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Asia: Stocks rise ahead of Yellen speech as Japan shares advance


[SYDNEY] Asian stocks rose, with the benchmark equities index heading toward its first weekly gain in five weeks, as investors awaited comments from the head of the Federal Reserve. Japanese shares climbed amid speculation the nation will delay a sales tax increase.

The MSCI Asia Pacific Index gained 0.3 per cent to 127.76 as of 9:08 am in Tokyo. The gauge is down 2.6 per cent this month as investors' anxiety over the Fed's plans to raise interest rates as early as next month offset increasing signs of strength in the world's biggest economy. Fed chair Janet Yellen is due to speak after Asian markets close on Friday at an event in Massachusetts.

"We are still a little cautious," Mark Lister, head of private wealth research at Craigs Investment Partners in Wellington, which manages about US$7.2 billion, said by phone.

"Yellen is likely to continue with the rhetoric of wanting to hike and that's their plan. Equity markets still offer value on a medium-term basis and it's certainly the only place where you're getting any sort of yield. We'd welcome a pullback because that would give us a chance to do some buying at more reasonable prices."

Asian equities are heading for a 1.7 per cent increase this week after dropping 6.4 per cent from an April high through last week. Investors have been whipsawed this year, with the regional gauge slumping 14 per cent through a February low on concern a devaluation of the Chinese yuan would curb global growth and amid prospects for higher US borrowing costs.

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It then rallied almost 20 per cent through this year's peak in April before retreating again.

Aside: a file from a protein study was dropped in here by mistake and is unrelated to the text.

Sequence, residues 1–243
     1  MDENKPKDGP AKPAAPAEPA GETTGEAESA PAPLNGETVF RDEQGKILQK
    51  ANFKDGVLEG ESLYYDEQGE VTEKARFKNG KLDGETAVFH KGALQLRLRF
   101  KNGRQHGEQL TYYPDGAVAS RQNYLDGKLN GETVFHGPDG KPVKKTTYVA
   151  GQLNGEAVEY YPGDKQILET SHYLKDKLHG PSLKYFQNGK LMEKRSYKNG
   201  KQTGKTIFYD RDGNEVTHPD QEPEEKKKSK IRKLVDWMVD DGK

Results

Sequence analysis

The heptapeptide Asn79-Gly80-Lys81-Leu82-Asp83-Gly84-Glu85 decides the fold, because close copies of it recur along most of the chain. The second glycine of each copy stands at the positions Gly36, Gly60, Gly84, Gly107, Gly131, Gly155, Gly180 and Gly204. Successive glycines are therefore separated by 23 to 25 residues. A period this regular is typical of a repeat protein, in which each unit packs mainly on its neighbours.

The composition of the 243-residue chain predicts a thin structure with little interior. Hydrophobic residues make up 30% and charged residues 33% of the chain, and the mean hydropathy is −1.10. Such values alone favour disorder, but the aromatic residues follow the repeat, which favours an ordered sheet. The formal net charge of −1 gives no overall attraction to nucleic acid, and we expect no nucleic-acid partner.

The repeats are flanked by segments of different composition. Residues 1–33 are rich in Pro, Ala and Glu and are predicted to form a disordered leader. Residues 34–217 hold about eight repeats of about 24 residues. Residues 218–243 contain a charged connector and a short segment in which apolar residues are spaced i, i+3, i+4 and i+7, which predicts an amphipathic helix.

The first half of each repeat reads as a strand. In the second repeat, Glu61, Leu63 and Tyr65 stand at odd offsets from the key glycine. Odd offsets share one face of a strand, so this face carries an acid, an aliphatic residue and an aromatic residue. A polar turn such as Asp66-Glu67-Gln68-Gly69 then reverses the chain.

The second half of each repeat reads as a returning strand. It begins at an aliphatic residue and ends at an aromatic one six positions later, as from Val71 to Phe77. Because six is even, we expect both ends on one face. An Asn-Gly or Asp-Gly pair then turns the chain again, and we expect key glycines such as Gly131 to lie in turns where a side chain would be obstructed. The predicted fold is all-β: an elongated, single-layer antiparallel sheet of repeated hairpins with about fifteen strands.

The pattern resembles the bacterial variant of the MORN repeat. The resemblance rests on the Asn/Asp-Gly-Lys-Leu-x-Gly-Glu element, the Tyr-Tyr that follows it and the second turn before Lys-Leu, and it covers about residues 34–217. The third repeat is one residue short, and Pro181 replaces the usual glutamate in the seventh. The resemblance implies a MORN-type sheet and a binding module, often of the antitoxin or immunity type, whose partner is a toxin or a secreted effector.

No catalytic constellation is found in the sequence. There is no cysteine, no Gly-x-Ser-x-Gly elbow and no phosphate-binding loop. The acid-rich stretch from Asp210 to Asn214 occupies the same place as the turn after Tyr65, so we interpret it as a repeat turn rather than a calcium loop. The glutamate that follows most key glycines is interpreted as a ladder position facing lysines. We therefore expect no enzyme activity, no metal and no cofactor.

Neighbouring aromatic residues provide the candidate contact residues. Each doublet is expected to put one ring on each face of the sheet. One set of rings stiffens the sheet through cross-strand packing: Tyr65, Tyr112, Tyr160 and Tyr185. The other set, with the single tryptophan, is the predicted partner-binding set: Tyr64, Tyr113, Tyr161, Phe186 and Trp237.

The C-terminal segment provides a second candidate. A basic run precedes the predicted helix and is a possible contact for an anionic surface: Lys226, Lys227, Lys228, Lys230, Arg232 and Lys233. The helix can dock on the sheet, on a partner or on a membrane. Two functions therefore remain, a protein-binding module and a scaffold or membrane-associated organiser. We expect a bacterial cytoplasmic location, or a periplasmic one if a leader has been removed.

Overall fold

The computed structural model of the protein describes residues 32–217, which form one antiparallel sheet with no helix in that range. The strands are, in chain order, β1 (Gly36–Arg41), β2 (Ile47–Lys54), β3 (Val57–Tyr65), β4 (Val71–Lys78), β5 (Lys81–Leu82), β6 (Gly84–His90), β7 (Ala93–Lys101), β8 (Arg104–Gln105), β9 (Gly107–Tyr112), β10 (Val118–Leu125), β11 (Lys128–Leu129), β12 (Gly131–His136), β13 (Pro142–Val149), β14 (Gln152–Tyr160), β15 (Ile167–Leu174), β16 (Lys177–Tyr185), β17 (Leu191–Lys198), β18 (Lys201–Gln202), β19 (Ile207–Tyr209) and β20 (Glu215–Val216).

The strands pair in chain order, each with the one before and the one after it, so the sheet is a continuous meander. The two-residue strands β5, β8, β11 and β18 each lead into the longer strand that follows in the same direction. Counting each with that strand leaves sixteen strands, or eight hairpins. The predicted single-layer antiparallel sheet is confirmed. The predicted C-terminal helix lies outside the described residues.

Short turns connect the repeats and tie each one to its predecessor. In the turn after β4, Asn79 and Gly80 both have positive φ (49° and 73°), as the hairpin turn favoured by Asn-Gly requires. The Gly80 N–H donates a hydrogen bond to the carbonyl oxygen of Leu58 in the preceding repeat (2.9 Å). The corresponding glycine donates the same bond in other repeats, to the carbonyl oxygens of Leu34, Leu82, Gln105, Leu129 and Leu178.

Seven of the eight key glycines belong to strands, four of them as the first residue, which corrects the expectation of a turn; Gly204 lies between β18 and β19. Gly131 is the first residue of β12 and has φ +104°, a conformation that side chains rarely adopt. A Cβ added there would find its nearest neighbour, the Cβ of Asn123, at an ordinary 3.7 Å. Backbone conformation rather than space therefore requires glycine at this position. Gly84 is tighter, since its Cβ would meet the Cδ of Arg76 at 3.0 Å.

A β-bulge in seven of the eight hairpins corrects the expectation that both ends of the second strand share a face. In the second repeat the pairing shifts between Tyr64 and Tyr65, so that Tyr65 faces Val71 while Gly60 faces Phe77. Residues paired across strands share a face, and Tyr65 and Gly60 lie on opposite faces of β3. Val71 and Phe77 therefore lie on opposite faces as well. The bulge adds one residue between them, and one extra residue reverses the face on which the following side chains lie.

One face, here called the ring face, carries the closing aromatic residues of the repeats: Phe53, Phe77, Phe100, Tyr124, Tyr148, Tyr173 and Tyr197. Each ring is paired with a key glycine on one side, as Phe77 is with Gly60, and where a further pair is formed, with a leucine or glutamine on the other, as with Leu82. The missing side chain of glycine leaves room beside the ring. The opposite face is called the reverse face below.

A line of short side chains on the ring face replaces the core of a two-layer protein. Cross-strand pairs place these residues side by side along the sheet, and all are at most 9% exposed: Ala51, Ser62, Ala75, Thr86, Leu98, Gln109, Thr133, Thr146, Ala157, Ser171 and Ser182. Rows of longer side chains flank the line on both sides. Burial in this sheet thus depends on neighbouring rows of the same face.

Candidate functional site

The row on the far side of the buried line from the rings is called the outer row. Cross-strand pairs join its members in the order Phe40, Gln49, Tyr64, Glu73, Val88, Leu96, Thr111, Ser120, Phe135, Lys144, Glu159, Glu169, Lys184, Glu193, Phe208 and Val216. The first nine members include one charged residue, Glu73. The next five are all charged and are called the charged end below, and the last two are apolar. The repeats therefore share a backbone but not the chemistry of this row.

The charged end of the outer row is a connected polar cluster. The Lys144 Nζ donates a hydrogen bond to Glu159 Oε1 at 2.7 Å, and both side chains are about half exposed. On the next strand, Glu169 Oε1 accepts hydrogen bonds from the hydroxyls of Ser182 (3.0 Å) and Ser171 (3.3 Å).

Policy makers project two US rate boosts this year, and Ms Yellen could use Friday's appearance to signal that the Fed's meeting next month is in play. Data Thursday provided little clarity as to whether the world can withstand higher interest rates, with US jobless claims falling for a second week, pending home sales rising the most since 2010, and orders for business equipment unexpectedly declining for a third month.

Odds of the Fed raising benchmark interest rates at its June meeting have pulled back to 28 per cent, the same level as a week ago and down from 34 per cent on Wednesday, while the probability of a move in July remains above 50 per cent.

Japan's Topix index gained 0.4 per cent following media reports Prime Minister Shinzo Abe has decided to delay an increase in the sales tax. The premier made the decision based on the global economic slowdown and the impact of last month's Kumamoto earthquake, the Asahi newspaper said.

Japan is seeking to add a warning that the global economy is at risk of "falling into a crisis" to the final Group of Seven leaders' communique to be released Friday, according to a copy of a draft obtained by Bloomberg News.

Data on Friday showed Japan's consumer prices in April dropped for a second month as central bank governor Haruhiko Kuroda struggles to spur inflation with record asset purchases and negative interest rates. The data is the final set of inflation indicators to be released before the BOJ's board meets on June 15-16.

Australia's S&P/ASX 200 Index climbed 0.4 per cent, New Zealand's S&P/NZX 50 Index added 0.3 per cent and South Korea's Kospi index advanced 0.3 per cent.

Futures on Hong Kong's Hang Seng Index and the Hang Seng China Enterprises Index of mainland firms listed in the city both added 0.1 per cent in most recent trading.

Futures on the S&P 500 Index increased 0.1 per cent after the underlying gauge closed little changed Thursday. Equities struggled to drive higher in light trading as investors stepped back to survey a two-day advance that lifted the S&P 500 more than 2 per cent in the gauge's first back-to-back gains in two weeks.


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